Market Overview

Avon vs. Herbalife - Which Should You Take In 2014?

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For decades, companies that practice the direct-selling business model have promised distributors a healthy share of company profits. In the direct-selling model, the share that would have been invested in advertising is paid out to distributors, as the distributors themselves essentially handle that part of the business.


Though many companies in the direct selling space have been tarnished with the moniker of being “pyramid schemes,” several companies weathered the criticisms and made formidable reputations for themselves.

Some were even able to rise to the prominent positions of being publicly traded companies, including Avon (NYSE: AVP) and Herbalife (NYSE: HLF). We will take a look at how these two direct-selling companies fared in 2013 and beyond.

On January 2, 2013, a share of Avon stock cost $15.00. Investors who held the stock for the 18 months preceding January 2013 were undoubtedly worried about the stock, as it had seen its share price cut in half in that time frame. Investors were given some positive signs in early-2013, as the stock popped above $21 in February, and continued to climb to a yearly-high in May of $24.43. Though the stock did pull back some, there was still plenty of time for investors to sell Avon and get out with a decent profit.

However, those who didn't liquidate the stock before late-October were in for a November surprise. Though the stock began its disappointing year-end skid on October 31, it was in November that Avon showed that there was no wind left in its sails. After a promising start, Avon limped to the finish line and closed 2013 at just $17.22. 2014 bought more bad news for the stock, as it tumbled below $15.00 in most recent trading.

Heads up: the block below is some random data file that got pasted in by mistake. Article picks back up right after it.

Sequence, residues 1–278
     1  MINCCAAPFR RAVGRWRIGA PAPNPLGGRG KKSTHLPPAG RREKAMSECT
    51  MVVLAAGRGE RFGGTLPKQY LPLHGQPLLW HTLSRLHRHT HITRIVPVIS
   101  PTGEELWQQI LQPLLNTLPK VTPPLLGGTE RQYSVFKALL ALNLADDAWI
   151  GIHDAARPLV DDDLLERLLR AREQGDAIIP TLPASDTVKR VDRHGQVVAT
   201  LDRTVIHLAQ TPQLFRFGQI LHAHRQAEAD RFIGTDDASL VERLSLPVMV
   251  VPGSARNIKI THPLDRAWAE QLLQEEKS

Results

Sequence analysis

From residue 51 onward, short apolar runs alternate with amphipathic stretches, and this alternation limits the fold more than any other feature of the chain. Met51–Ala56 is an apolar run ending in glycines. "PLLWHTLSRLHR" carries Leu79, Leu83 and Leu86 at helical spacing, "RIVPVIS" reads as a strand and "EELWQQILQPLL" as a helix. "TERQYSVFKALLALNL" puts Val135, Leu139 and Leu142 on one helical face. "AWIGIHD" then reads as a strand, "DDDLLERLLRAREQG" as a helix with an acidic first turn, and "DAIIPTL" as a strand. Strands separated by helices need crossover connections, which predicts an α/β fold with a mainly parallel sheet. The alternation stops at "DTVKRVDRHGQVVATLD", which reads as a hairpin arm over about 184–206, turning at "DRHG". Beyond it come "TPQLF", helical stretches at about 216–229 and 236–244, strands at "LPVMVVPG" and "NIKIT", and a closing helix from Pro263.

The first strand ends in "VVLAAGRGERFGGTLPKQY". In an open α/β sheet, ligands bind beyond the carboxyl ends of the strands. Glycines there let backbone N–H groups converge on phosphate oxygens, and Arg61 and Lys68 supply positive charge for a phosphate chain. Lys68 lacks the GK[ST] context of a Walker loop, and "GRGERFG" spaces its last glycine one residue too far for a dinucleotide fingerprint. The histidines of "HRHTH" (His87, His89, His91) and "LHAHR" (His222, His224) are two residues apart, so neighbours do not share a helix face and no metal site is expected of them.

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Herablife has had a rough go of it over the past few years. The three-year charts for the company show many ups and downs, but show the stock was on a solid upswing in January 2013, trading in the range of $32 to $34. As 2013 really got underway, so did Herbalife's stock. Herbalife trended steadily upward for the entire year, and closed the year at 78.70 - near its yearly-high. In early 2014 the stock pulled back from those highs, falling below $60 in late-January 2014, before revering some to $67 in recent trading.

Both Avon and Herbalife have expanded their businesses offerings into international markets in order to sustain growth. But while Avon struggled in 2013, Herbalife had a stellar year. Going into 2014 both stocks saw significant pulls back, and Herbalife even suffered public allegations about the legality of its business model and expansion practices. The 2014 fates of these companies depends on many unknowns, including the U.S. economy, the economies of countries into which the companies have expanded, and in the case of Herbalife – the result of public accusations relating to alleged wrongdoing.

Posted-In: Markets Best of Benzinga

 

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